Riddikulus: My Thoughts on Harry Potter (finally)

Ladies and Germs, may I have your attention please?  I have something I feel I must admit to y’all. Are you ready? Are you sitting down? Maybe you should throw down a shot of whiskey before I drop this knowledge on ya.

I did not like the Harry Potter series.

BAM! Mind = blown

I went into it with disproportionately heightened expectations because of all the hype around the books/movies over the past, what, 15 years? But, umm, I wasn’t a huge fan.

There’s nothing to really point to in the series and say, “Aha! That part, that one right there, turned me against the entire series!” There just wasn’t much that appealed to me. Perhaps it’s because I’ve been reading urban fantasy, paranormal, whatever-you-want-to-call-it genre of books for years. The world Rawlings created wasn’t a new experience for me. Don’t get me wrong, I can’t get into those books where they’ve created an entirely new world or the characters have really freaky names that even Russians couldn’t pronounce (I did, however, read Sergei Lukyanenko’s Night Watch series, loved it, and could almost follow the Russian names!). I’m just having trouble seeing the amazing, cult-worthy-ness of the Harry Potter series.

Sigh.

I’m sorry but I HATED the ending! This was supposed to be a children’s book! Did (spoiler alert!) Lupin, Tonks and Fred really need to die? Especially considering the fact that like ten pages later the series was over? You don’t see any of the aftermath of the war against Voldemort and I had kind of hoped we would. Sure we get a glimpse into Harry’s life nineteen years later but it appears as if nothing in the wizarding world has changed. You’d think after the mass destruction and mayhem that Voldemort wrought there’d be some ripple effects still prevalent in day-to-day life.

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11 thoughts on “Riddikulus: My Thoughts on Harry Potter (finally)

  1. It’s interesting to read a perspective of someone who didn’t like the books. I think it’s funny because I think fans have more of a problem with the sweet, everything’s okay epilogue than they do with the deaths at the end of the series.

    • I think I could accept the deaths if the epilogue had been better – it just felt like a cop out and didn’t ring true. I just hope that I don’t get stoned by crazed fans for my opinions lol

    • I don’t disagree with that – but I do feel the epilogue cheapened it somehow. I think I’d feel better about the deaths if the epilogue showed some ramifications/consequences of that whole Voldemort thing 😉

  2. I can see how someone who saw the books’ popularity from the outside could read it and be disappointed. The books are written in an increasing levels of difficulties, so the earlier books are much simpler in writing styles, themes and plot than the later ones. Some people find the first two books inexcusably boring and childish, or find the dark tone in the later books jarring.

    Much of the popularity also had to do with the long wait times. We had long breaks between the book releases where we came up with theories and explanations and learned more about the world that might not be explained in the books. We had such high expectations that many fans don’t like how the last book or two books turned out, but still love the series for what they took from the first five or six books.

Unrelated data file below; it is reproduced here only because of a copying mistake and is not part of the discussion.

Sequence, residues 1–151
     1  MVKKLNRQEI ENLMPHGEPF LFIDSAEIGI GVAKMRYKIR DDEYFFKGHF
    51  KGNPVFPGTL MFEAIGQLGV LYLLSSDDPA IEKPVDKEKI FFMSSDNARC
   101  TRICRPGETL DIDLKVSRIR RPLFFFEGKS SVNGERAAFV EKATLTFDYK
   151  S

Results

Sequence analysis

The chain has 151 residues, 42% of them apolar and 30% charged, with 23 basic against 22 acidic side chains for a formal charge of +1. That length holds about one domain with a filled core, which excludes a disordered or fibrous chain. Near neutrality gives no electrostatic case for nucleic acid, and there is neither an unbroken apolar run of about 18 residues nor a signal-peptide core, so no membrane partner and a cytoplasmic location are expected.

Wow, that ended up longer than I intended. I really just mean to say that here’s one diehard HP fan who doesn’t blame you for being disappointed.

  3. Is it ok to comment on two-week old threads if we JUST discovered this blog from your link on Snarky today? Because I am so happy to read that other people didn’t like the ending of Harry Potter. I was not upset about the deaths of some minor characters, but rather by the “happily ever after” epilogue.

    I think it’s more than okay for characters to die in a kids’ book and we (as a society) didn’t use to be squeamish about this. Exhibit 1: Old Yeller. Who didn’t read or watch that as a kid and cry their damn eyes out? And then want to go back and read or watch again? Being moved emotionally by fiction is a marvelous experience for children. My favourite childhood movie was a pre-Disney version of The Little Mermaid, which sticks true to the fairy tale… she does not get the man, and is turned into foam on the sea. I would bawl my little eyes out and then watch it again and bawl again. Wonderful.

    So I think the problem was not too many deaths but not enough! Harry should have died. He should have defeated Voldemort, but been killed in doing so. Sacrificing himself to save the world. There’s a true literary ending. Would have been sad but a million times more satisfying than this saccharine grows-up-gets-married-becomes-boring business.

    • Definitely ok! Comment on whatever you like! 🙂 hehe

      I don’t have anything against death in novels – I just feel it needs to serve a purpose. Old Yeller wouldn’t have been Old Yeller if the dog hadn’t died. What I’m thinking of was actually pretty well spelled out in the movie Stranger Than Fiction. Wherein, the book would be brilliant if she killed off Harold Crick, but it looses something because she didn’t. A death of a character should have an impact, serve a purpose. I felt those deaths in Harry Potter were pointless. I think a part of the reason I was so disappointed with the epilogue was because it didn’t tell us more about Lupin and Tonks’ son. Again, goes back to those ripple effects you would have expected from surviving the likes of Voldemort. Even though their child was just a baby, his life was forever changed by Voldemort and his actions. I felt the epilogue should have given us a little more insight into that.

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